For most of the last few days, there was a question whether Syrian peace talks scheduled to begin tomorrow in Switzerland would happen at all. They will -- a last-minute invitation to Iran has been rescinded -- so now negotiators can move on to a more productive question: how the talks can succeed.

The answer, initially at least, is for the talks to focus on a less ambitious goal. Agreement to end the fighting in Syria or on a transitional government is too much to ask for. Better for participants to work out ways to bring humanitarian aid to the millions displaced by this civil war.

The difficulty with the so-called Geneva II process is that the Syrian government and its opponents have diametrically opposed assumptions about its purpose. For the rebels and their U.S. backers, it is about shaping a transitional government for Syria that excludes President Bashar al-Assad. For the regime and its Russian supporters, Geneva II is about creating international legitimacy for Assad to remain in power.

The release of a shocking and meticulously authenticated report on the systemic torture, starvation and executions of 11,000 people in Assad’s prisons serves as a reminder that this man belongs on trial for war crimes. Even so, the focus on trying to get the protagonists to start negotiating an unachievable political settlement risks turning Geneva II into a distraction that neither ends nor ameliorates Syria’s nightmare. The process is backward, and the flip-flop over Iran is a good example of why.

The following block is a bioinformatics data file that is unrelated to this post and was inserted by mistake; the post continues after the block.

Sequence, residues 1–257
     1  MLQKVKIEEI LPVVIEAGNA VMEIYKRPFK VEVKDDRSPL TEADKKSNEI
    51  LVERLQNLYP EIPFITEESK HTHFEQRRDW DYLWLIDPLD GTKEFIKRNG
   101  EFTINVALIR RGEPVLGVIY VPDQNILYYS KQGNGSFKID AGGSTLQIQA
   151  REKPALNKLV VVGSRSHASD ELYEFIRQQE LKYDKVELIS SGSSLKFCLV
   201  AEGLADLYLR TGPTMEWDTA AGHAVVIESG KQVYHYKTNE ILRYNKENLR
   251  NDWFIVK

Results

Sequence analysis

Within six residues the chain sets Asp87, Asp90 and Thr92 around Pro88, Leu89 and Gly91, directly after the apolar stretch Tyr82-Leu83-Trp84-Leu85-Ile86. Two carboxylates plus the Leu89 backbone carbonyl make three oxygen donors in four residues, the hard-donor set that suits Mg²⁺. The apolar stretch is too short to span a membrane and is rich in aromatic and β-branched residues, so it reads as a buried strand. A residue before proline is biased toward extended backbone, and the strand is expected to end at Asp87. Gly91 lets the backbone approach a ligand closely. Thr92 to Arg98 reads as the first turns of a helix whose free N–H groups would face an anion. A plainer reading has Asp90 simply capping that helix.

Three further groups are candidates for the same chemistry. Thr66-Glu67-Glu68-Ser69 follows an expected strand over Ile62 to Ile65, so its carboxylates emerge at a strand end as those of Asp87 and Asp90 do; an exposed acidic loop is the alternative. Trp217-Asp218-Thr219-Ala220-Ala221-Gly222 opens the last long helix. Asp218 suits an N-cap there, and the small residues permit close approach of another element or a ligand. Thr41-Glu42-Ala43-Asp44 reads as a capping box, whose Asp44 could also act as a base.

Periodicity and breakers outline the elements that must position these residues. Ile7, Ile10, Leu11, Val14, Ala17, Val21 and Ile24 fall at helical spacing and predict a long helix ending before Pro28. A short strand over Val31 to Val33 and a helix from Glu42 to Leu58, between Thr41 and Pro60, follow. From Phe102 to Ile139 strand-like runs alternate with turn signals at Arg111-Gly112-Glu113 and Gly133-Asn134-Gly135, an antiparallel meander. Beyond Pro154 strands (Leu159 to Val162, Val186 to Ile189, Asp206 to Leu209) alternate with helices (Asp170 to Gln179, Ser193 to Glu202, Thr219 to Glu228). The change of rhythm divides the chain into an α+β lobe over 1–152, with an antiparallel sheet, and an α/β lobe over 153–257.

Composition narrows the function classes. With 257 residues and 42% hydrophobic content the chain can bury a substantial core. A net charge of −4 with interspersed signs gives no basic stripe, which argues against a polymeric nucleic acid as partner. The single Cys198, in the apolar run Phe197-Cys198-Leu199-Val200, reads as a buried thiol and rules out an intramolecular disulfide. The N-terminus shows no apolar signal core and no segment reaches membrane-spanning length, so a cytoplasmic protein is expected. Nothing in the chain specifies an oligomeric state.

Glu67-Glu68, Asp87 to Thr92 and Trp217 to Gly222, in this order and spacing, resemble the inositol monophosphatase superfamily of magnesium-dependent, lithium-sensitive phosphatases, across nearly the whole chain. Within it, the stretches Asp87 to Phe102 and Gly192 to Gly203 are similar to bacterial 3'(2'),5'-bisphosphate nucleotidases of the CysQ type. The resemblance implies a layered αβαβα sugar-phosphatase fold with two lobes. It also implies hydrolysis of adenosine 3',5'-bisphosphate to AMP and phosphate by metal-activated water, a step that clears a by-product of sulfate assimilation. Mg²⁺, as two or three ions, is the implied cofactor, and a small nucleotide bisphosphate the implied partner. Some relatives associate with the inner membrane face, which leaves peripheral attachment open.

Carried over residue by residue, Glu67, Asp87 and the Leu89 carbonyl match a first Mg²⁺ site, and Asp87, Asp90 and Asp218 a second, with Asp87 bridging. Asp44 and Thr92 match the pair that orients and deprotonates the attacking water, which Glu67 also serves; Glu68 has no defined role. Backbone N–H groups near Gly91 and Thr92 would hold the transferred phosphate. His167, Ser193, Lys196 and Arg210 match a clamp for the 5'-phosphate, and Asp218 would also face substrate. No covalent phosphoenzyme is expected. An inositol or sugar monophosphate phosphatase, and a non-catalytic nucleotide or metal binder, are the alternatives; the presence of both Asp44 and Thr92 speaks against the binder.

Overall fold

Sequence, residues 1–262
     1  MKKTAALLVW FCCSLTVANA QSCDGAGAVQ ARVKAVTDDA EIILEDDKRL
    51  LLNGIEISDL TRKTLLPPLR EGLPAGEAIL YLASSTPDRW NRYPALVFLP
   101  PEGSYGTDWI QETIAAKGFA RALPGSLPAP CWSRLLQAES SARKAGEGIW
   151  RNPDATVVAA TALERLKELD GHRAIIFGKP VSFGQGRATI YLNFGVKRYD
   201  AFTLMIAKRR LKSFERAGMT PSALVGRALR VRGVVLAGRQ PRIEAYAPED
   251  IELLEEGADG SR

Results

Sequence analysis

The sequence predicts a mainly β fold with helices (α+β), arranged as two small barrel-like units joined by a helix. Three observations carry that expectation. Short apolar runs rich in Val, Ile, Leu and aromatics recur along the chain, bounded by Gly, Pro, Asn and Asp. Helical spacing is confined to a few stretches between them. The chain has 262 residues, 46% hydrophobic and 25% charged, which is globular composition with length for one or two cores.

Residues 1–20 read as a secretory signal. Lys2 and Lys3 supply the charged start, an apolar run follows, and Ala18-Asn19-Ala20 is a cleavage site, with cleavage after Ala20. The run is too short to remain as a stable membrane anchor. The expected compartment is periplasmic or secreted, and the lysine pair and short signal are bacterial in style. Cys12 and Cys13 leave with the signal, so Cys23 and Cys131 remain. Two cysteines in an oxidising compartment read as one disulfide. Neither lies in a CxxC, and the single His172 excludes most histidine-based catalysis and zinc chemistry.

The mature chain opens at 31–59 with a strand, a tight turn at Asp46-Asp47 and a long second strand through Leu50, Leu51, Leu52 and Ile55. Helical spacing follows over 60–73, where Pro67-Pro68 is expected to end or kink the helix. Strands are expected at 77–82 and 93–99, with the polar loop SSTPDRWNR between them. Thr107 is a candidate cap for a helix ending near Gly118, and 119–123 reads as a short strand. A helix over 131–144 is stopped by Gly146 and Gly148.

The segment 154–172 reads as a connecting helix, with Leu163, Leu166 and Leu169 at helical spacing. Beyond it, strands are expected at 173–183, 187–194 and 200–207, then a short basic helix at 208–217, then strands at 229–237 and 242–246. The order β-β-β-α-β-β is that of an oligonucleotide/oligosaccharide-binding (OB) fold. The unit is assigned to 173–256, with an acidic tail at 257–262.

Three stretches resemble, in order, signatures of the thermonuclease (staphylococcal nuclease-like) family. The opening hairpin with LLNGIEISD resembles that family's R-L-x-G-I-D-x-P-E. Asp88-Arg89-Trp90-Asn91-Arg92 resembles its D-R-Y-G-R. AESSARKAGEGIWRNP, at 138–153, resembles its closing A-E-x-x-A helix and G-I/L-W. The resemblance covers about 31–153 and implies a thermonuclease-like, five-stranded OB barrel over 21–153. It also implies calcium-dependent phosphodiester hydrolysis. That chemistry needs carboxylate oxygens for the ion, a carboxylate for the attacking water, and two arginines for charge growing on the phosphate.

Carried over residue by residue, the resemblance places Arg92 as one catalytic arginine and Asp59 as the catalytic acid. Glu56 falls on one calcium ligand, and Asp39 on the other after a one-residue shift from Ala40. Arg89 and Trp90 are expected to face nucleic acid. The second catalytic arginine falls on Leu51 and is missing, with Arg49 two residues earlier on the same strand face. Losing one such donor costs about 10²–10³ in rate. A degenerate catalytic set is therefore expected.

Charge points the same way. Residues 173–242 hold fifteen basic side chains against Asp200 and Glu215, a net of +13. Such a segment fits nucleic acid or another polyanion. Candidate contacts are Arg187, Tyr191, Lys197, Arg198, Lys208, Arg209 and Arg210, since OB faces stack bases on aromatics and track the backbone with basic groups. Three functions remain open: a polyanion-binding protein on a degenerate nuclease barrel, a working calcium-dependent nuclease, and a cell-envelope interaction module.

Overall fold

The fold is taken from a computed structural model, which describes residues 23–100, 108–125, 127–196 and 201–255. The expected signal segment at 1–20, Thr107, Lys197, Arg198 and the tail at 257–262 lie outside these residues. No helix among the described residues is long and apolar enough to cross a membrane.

United Nations Secretary-General Ban Ki-moon’s rationale for inviting Iran made perfect sense: For the talks to make progress, a seat at the table is necessary for the most important actors in the conflict -- and that means at a minimum Qatar, Russia, Saudi Arabia, Turkey, the U.S. and, yes, Iran. Of course, Iran doesn’t accept the goal of a political transition and has troops on the ground to stop that from happening, so it’s understandable that the opposition Syrian National Coalition didn’t want to include Iranian diplomats in the discussion.

Yet what if the talks shifted from a political settlement to removing Hezbollah troops (which receive Iranian support) from Syria? Or securing a cease-fire in areas where they operate?

The talks in Montreux, which then move on to Geneva, should focus on ensuring that humanitarian aid can reach civilians, including some who have been deliberately cut off and starved by the regime’s forces, and the country’s estimated 6.5 million internally displaced people. Sometimes that means just persuading the regime’s forces to let aid through to areas under siege. Other times it will require local cease-fire agreements.

The most likely way to produce meaningful cease-fires, first local and later national, would be for the war’s regional sponsors to pressure their proxies into honoring deals on the ground. Lasting access and humanitarian corridors would eventually require support from the UN Security Council under a Chapter 7 resolution, overcoming Russia’s long-standing resistance as events change.

This is a more modest agenda. But it might bring about conditions that make a political settlement more feasible -- and, not incidentally, save lives. Such an agenda may have to start unofficially tomorrow, in the corridors and backrooms of Montreux. Sooner or later, though, it will have to become formal -- and Iran will need to participate.

The conflict in Syria is not just a dehumanizing, destabilizing war that may have already cost 136,000 lives, more than the final death toll from the war in Bosnia. It is also a sectarian proxy war that won’t end unless the powers enabling the fighting want it to.

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